McCormack denies leadership threat

By Alana Christensen

Deputy Prime Minister Michael McCormack has thrown cold water on rumours of a leadership threat, stating his job is not on the line.

While visiting Shepparton on Thursday morning, Mr McCormack said his job was not under threat currently, and would not be after the election either — but admitted he did not know what the future held.

Tension over the National Party’s top job continued to grow last week, after the party’s former leader Barnaby Joyce sensationally claimed he remained ‘‘the elected deputy prime minister of Australia’’ and will feel no guilt in returning to lead the National Party if Michael McCormack is rolled.

Prime Minister Scott Morrison insists there will be ‘‘no change’’ to his leadership team, as Nationals MPs urged their old boss to pipe down.

Mr McCormack insisted his relationship with Mr Joyce was ‘‘good’’.

‘‘I’ve known Barnaby for many, many years we’ve worked alongside well together for the interests of rural and regional Australians,’’ he said.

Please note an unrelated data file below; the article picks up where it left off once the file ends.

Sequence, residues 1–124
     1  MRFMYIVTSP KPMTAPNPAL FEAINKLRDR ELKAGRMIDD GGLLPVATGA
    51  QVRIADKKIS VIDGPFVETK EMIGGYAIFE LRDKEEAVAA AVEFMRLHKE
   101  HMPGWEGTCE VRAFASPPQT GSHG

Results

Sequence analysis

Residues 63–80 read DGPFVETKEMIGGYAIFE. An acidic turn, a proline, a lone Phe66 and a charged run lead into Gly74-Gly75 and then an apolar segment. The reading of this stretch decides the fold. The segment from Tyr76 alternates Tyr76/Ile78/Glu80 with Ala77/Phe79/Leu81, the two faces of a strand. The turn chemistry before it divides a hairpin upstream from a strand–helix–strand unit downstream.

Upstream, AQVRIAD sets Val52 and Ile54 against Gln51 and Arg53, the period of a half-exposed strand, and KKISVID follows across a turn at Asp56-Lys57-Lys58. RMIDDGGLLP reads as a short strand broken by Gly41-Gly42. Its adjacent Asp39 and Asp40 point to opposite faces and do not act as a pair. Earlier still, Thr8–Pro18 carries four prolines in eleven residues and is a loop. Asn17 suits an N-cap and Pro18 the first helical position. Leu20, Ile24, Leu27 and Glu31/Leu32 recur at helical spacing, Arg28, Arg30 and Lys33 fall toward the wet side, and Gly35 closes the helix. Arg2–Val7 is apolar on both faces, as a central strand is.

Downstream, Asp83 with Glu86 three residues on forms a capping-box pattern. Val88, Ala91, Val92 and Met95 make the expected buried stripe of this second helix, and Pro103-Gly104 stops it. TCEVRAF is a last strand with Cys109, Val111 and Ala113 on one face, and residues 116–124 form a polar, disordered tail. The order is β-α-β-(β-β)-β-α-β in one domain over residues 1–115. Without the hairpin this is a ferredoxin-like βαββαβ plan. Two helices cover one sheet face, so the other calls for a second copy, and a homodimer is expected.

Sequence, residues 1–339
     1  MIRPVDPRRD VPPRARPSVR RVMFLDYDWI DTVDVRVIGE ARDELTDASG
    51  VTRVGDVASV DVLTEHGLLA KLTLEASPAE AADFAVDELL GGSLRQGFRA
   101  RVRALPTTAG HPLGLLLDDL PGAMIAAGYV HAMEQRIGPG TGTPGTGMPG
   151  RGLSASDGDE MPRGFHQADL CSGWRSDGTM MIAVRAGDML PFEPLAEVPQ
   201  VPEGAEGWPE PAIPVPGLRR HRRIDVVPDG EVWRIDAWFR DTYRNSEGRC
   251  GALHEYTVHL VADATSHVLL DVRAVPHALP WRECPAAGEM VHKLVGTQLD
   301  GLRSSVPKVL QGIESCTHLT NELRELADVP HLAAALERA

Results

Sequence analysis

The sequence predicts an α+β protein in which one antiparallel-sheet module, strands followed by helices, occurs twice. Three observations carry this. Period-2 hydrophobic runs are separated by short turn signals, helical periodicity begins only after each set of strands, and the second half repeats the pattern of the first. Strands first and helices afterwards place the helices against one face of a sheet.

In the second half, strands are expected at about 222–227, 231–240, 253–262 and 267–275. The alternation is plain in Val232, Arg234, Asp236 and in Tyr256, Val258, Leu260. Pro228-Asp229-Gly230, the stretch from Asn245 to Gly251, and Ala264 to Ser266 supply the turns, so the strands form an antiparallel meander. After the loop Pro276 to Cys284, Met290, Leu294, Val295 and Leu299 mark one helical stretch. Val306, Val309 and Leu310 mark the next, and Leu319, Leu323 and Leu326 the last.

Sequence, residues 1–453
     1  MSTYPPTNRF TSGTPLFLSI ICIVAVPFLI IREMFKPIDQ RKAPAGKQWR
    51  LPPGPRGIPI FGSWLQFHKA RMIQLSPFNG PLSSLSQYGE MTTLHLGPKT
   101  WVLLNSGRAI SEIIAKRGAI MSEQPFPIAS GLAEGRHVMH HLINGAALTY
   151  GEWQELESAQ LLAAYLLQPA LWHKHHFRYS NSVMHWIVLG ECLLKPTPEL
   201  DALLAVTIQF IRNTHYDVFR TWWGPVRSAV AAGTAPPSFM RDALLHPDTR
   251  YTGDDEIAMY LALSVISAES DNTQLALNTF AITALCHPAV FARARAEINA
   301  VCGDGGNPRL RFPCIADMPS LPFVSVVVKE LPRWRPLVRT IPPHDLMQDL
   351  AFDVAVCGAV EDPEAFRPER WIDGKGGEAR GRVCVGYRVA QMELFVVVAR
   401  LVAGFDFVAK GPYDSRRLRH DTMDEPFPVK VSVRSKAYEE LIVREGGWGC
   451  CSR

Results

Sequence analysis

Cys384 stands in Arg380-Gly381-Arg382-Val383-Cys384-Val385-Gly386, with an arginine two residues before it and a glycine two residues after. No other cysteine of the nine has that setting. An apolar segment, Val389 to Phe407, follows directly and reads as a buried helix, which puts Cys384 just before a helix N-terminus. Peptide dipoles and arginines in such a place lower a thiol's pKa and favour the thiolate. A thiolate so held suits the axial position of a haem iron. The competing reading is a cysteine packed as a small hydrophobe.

In an extraordinary interview, Mr Joyce said he would not challenge Mr McCormack but would attempt to replace him in a leadership spill if one took place.

‘‘I am not going to call a spill, I am not looking for numbers,’’ he told ABC Radio National last Monday.

‘‘If there was a spill, the position is vacant, I am the elected deputy prime minister of Australia, so I’d have no guilt at all standing — but I don’t see that happening.’’

Mr Joyce, who was dumped from the leadership role last year, made the explosive remarks after demanding the Morrison Government bankroll a new coal-fired power station ahead of the election in May.

His staunch pro-coal stance puts him at odds with Mr McCormack, who declared he was merely ‘‘not against’’ coal projects if they stacked up financially.

Mr Joyce angrily rejected suggestions he was hurting the Coalition’s chances of re-election by calling for more coal, saying he was standing up for Nationals voters.

Mr Joyce is in the Goulburn Valley for two days this week in his role as drought envoy, accompanied by Federal Agriculture Minister David Littleproud.